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Provenance of very first federal notes

By Peter Huntoon

My article in the June 2017 Bank Note Reporter tracking the provenance and whereabouts of the very first Federal notes that had been saved by Salmon P. Chase, Lincoln’s Treasury secretary, resonated with a lot of people. As a result, I received some needed authoritative information that fleshes out the story.

What we are talking about here are the following three notes:

• $10 Demand Note, Act of July 17, 1861, serial number 1, plate position A.

• $1 Legal Tender Note, Act of July 11, 1862, series 1, serial number 1, plate position A.

• $5 National Bank Note, Act of Feb. 25, 1863, Original Series, The First National Bank of Washington, DC, Treasury sheet serial 9, bank sheet serial 1, plate D.

John Rowe and Joe Sande independently collared me in quick succession within minutes of my arrival on the bourse floor of the June 2017 International Paper Money Show in Kansas City, Mo., to say they could correct and flesh out the stories of these notes. John had information pertaining to the No. 1 $10 1862 Demand Note and Joe knew the whereabouts of the No. 1 $1 1863 Legal Tender Note.

Martin Gengerke did an admirable job tracking the paths or at least the mentions in the numismatic literature of these three notes for his census of Federal notes, so I am reproducing his findings here as a starting point.

• Fr. 17 – No. 1 $1 Legal Tender: Salmon P. Chase; George Blake; Chase Manhattan Bank; Hessler & Reinfeld Illus.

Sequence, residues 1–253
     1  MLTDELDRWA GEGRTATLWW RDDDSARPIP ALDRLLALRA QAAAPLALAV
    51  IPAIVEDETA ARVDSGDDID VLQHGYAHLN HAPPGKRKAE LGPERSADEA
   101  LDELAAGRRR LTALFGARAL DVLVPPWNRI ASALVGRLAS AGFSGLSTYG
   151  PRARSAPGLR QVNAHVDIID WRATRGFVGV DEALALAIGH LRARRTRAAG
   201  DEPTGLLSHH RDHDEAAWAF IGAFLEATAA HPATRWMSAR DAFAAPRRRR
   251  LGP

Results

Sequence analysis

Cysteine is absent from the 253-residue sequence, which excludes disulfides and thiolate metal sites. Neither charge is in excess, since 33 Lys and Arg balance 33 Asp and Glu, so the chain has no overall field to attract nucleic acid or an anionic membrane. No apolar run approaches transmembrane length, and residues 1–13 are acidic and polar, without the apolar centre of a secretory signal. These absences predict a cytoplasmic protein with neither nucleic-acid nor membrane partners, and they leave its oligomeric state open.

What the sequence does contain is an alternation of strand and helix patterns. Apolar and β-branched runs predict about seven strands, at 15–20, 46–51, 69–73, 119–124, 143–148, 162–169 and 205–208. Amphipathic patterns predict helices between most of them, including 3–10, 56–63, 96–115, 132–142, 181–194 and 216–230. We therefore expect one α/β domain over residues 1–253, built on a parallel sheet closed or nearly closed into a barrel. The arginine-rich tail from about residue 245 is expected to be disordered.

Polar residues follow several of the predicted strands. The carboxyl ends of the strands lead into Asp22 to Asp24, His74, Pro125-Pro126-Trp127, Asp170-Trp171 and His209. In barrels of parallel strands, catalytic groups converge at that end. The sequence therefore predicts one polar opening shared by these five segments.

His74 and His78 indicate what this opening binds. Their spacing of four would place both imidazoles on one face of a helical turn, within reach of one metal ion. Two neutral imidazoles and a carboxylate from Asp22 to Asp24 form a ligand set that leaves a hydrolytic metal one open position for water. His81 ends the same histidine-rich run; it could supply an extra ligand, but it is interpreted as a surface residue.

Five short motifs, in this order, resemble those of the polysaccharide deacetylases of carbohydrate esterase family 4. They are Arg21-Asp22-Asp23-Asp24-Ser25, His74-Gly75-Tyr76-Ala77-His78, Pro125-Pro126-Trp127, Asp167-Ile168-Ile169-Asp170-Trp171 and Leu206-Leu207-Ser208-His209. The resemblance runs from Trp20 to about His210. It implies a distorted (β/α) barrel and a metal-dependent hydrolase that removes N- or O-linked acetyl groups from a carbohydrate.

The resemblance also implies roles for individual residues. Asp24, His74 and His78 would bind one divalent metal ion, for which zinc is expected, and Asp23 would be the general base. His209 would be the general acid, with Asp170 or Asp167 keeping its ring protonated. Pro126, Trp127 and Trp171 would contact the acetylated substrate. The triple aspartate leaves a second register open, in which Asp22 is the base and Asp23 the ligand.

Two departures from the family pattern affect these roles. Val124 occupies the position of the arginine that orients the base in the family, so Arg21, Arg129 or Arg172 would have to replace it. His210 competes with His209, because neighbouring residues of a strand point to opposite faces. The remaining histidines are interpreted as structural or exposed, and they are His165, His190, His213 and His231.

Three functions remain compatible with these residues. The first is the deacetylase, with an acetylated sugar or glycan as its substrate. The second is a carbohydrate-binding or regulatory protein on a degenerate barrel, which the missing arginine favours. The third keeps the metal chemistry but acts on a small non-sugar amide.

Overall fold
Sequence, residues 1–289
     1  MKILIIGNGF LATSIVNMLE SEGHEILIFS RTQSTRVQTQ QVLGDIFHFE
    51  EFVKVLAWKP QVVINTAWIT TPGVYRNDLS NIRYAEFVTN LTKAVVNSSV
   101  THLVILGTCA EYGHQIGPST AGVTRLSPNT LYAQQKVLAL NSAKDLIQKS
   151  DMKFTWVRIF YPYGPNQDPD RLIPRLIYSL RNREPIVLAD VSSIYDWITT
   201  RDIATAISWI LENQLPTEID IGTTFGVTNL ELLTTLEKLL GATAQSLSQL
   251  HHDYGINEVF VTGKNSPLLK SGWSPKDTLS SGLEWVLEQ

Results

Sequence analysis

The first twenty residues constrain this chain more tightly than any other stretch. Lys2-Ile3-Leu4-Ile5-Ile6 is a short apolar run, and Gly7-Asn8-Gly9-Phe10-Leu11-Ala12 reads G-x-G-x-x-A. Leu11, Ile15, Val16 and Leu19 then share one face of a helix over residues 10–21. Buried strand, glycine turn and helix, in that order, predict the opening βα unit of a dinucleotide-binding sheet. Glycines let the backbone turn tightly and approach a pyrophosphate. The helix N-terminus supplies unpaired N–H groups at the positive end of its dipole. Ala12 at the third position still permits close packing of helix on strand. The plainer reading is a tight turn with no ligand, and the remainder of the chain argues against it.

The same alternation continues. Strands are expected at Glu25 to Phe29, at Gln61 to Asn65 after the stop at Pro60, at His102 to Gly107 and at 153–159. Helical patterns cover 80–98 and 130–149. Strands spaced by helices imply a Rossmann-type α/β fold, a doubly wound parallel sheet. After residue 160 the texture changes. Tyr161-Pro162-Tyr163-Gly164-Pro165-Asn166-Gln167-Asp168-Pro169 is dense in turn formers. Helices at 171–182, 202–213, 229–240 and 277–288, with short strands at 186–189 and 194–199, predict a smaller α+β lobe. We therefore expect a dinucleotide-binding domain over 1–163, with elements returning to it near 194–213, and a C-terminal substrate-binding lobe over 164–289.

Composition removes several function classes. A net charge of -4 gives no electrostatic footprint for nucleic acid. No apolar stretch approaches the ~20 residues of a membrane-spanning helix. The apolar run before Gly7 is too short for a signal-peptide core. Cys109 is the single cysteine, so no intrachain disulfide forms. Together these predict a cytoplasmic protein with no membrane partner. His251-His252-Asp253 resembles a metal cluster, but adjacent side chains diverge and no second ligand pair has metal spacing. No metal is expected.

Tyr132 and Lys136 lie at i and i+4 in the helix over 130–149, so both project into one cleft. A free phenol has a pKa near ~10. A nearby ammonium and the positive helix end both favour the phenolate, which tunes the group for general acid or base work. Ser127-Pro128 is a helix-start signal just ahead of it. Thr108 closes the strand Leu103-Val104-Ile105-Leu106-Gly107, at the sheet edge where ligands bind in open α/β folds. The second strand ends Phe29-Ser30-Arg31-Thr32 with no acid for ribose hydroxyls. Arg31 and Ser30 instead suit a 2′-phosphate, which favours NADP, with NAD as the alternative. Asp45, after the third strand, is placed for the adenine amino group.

• Fr. 7a – No. 1 $10 Demand Note: Salmon P. Chase; Jay Cook; Sotheby 1970 sale; John Ford; Mike Brownlee; advertised by New Netherlands Coin Co. in The Numismatist Jan. 1971 as the first piece of U.S. currency issued, “POR” ($4,000); Phil Lampkin.

• Fr.394- No. 1 First National Bank of DC $5: Salmon P. Chase; Sotheby 1970 sale; John J. Ford; Phil Lampkin; Marc Watts; Mark Hotz.

First $10 1861 Demand Note, serial 1, plate position A. (Photo courtesy of Jess Lipka)

I mentioned in my June piece that something didn’t ring true with the Sotheby 1970 sale attribution for both the $10 Demand and $5 National bank notes.

I was unsuccessful in locating a copy of any 1970 Sotheby sale containing the notes, even with the help of Gerome Walton who looked in the available catalogs in the American Numismatic Association library in Colorado Springs, Colo.

The cited Sotheby sale was key, so I thought to take advantage of another fabulous resource—the readers of E-Sylum, the electronic publication of the Numismatic Bibliomania Society edited by Wayne Homren. The subscribers to it comprise a tenacious group of hard core highly literate numismatists who simply revel in solving mysteries both numismatic and otherwise. “Otherwise” encompasses anything historical, genealogical, linguistic or scientific. I put out a call to them through E-Sylum and that hunch paid off in spades.